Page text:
What is the difference between D and L configuration, and + and -? My textbook says they are two different things. It also says that the correct way to name glucose is D(+)-glucose. Could someone ...
1
vote
0answers
41 views

isomerism in coordination complexes

Is there any difference between geometrical and cis-trans isomerism in coordination complexes, because in my book it is given that complexes of the form [Ma4bc] does not show cis-trans isomerism but ...
0
votes
0answers
28 views

Why does a compound need to have a Hydrogen attached to the Carbon, in order for the racemization to happen with the help of a base?

Acids and Bases accelerate the enolisation process, and help also the racemisation process. But, in the compounds that don't contain a hydrogen atom attached to the chiral carbon, for example ...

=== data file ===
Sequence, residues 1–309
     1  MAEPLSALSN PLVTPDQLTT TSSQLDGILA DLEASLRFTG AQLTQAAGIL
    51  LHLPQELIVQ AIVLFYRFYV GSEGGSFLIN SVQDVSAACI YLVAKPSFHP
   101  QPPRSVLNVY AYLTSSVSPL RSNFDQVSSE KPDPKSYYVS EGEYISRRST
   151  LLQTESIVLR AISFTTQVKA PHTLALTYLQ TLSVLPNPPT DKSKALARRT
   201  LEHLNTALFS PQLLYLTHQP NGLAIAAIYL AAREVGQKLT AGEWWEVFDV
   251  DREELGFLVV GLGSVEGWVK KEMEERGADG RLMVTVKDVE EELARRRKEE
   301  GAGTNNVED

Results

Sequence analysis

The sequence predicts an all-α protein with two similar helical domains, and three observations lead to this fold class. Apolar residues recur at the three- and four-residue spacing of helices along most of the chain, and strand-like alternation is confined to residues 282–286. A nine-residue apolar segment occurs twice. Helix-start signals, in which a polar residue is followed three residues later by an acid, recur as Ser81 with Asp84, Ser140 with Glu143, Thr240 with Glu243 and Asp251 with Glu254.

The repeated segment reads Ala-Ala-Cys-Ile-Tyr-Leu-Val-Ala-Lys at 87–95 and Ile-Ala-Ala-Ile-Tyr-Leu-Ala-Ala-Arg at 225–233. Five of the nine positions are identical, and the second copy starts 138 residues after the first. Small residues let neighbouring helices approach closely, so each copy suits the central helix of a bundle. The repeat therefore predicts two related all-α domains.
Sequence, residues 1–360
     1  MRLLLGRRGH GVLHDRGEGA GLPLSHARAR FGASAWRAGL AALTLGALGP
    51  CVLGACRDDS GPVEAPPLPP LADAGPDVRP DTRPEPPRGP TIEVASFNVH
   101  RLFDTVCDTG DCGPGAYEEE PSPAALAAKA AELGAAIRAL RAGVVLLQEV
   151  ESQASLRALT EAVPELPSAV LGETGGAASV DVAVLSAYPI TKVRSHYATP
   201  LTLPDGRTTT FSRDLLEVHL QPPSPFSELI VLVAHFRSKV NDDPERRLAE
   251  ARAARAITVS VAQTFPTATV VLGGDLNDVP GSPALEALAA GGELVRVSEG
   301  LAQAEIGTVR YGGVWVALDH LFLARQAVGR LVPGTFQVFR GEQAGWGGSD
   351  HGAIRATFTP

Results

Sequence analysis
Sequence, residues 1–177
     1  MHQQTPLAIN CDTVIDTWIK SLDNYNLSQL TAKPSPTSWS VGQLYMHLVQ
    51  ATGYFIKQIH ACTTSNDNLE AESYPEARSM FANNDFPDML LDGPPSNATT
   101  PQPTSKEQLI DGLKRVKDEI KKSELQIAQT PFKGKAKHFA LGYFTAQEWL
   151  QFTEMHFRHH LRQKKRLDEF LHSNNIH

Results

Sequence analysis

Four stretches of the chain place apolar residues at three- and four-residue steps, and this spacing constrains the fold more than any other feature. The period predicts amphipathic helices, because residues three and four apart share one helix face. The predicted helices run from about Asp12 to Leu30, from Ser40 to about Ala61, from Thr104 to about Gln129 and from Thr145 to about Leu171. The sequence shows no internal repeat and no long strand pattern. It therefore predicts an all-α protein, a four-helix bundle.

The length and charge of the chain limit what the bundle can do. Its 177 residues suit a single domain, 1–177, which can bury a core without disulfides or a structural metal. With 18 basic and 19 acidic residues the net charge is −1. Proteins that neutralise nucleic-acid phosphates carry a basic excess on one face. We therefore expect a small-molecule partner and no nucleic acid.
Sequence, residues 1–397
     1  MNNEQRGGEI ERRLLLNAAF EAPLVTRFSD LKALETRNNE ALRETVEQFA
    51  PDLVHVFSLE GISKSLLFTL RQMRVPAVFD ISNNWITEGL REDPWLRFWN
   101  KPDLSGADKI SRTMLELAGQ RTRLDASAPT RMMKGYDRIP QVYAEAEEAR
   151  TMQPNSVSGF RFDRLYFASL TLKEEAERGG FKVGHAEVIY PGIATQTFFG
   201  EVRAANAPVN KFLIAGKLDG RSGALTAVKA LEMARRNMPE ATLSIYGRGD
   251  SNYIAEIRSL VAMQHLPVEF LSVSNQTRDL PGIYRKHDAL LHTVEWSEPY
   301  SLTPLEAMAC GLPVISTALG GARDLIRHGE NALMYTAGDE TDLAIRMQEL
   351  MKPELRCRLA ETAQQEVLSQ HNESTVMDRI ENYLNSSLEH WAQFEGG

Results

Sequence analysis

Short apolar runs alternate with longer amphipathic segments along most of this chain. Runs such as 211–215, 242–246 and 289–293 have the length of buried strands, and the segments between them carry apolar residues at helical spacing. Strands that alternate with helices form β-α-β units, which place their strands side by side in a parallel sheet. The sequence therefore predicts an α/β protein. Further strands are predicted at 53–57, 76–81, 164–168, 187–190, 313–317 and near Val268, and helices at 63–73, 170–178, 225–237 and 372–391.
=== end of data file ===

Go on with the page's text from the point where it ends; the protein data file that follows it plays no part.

6
votes
0answers
81 views

Masamune's rule of diastereoselectivity multiplicity

In a reaction between a chiral substrate and chiral reagent, their asymmetric inductions could cooperate (matched pairs) or compete (mismatched pair). According to Masamune, in a matched pair the ...
0
votes
1answer
117 views

Examples from everyday life for diastereoisomers ?

Like the amino-acids and sugars that are enantiomers, can you give any examples of diastereoisomers ? where can we find them in everyday life ?
0
votes
0answers
27 views

Are isomers and stereoisomers the same thing?

I am doing a presentation regarding Stereochemistry, and I am a little confused with the terminology. My question is: Are isomers and stereoisomers the same thing? Do they differ from each other?